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China Demands Military Outposts In Pakistan

China has demanded military outposts for the security of its citizens working in Pakistan, following recent terror attacks on Chinese nationals and the Belt and Road Initiative’s (BRI) China-Pakistan Economic Corridor (CPEC) projects in Karachi, Balochistan, and Gilgit-Baltistan.

China has long demanded security for its citizens and CPEC projects from Pakistani law enforcement agencies, according to diplomatic sources in Islamabad.

They are currently looking for military outposts in places influenced or used by the US during the Cold War and the war on terror.

A burqa-clad Baloch woman suicide bomber targeted a van outside Pakistan’s Confucius Institute on April 26, killing three Chinese professors, including the department’s head, and their local driver.

The remaining 12 professors, together with the ashes of the slain teachers, have left for China, according to Dr. Nadir Uddin, the institute’s Pakistani director.

Their departure came just weeks after a burqa-clad Baloch woman suicide bomber struck a van inside the Pakistan’s renowned University of Karachi, killing three Chinese teachers, including the department’s head, and their local driver, in the country’s financial capital’s latest targeted attack against Chinese citizens.

The banned Balochistan Liberation Army (BLA)-linked Majeed Brigade claimed responsibility for the attack on the professors on April 26 near the university’s China-built Confucius Institute, which teaches the Chinese language to local students.

The Confucius Institute, according to Dr. Nasir Uddin, is a non-profit educational organization dedicated to teaching Mandarin, deepening international awareness of the language and Chinese culture, and promoting people-to-people connections between China and Pakistan. Huang Guiping, the institute’s director, and two other Chinese teachers, Chen Sai and Ding Mupeng, were killed in the BLA suicide bombing on April 26, as was their local driver, Khalid Nawaz.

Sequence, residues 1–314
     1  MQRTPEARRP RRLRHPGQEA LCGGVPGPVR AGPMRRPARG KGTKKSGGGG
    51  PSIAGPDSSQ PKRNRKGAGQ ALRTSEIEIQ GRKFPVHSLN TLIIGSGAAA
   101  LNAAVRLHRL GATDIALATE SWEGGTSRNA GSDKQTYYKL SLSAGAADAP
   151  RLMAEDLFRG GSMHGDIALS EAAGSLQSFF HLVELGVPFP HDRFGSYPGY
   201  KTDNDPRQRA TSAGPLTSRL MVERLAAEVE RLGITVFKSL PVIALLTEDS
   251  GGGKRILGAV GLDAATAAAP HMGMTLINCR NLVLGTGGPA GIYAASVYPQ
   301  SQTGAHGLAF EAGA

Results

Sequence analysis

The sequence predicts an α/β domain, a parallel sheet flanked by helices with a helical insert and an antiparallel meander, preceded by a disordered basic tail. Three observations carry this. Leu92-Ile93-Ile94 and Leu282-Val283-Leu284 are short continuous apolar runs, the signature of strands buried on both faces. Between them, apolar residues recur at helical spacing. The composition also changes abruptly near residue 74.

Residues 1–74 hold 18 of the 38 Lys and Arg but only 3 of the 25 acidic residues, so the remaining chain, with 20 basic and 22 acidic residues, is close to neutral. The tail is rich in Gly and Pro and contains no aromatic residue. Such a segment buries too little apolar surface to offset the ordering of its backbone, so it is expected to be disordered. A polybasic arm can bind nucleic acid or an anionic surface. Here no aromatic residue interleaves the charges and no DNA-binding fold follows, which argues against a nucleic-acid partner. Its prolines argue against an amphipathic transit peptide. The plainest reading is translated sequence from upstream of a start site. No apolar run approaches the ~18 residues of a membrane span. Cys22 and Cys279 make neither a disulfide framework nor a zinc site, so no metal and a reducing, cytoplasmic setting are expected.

The attack on the teachers was claimed by the proscribed Balochistan Liberation Army (BLA) connected Majeed Brigade.

Last year, an explosion on a bus convoy taking Chinese engineers to a hydro-power project building site in northern Pakistan killed 13 persons, including 9 Chinese nationals.

The Pakistani Taliban, which operates out of Afghanistan, was blamed by Islamabad for the attack. However, the BLA, which opposes Islamabad’s monopoly over Balochistan’s mineral wealth, has launched a series of attacks on Chinese nationals and their interests.

Balochistan is Pakistan’s largest but least populous province, bordering Afghanistan and Iran. The China-Pakistan Economic Corridor, a multibillion-dollar infrastructure partnership between the two countries, depends on it (CPEC).

At least five persons were killed in an attack on the Pakistan Stock Exchange in Karachi in 2020, which was claimed by the BLA as “retaliation” over “Chinese predatory ambitions in Balochistan.”

In 2018, the BLA claimed responsibility for another attack in Karachi, in which gunmen attempted to raid the Chinese consulate, murdering four people. It stated that it will not allow Chinese military expansionism.

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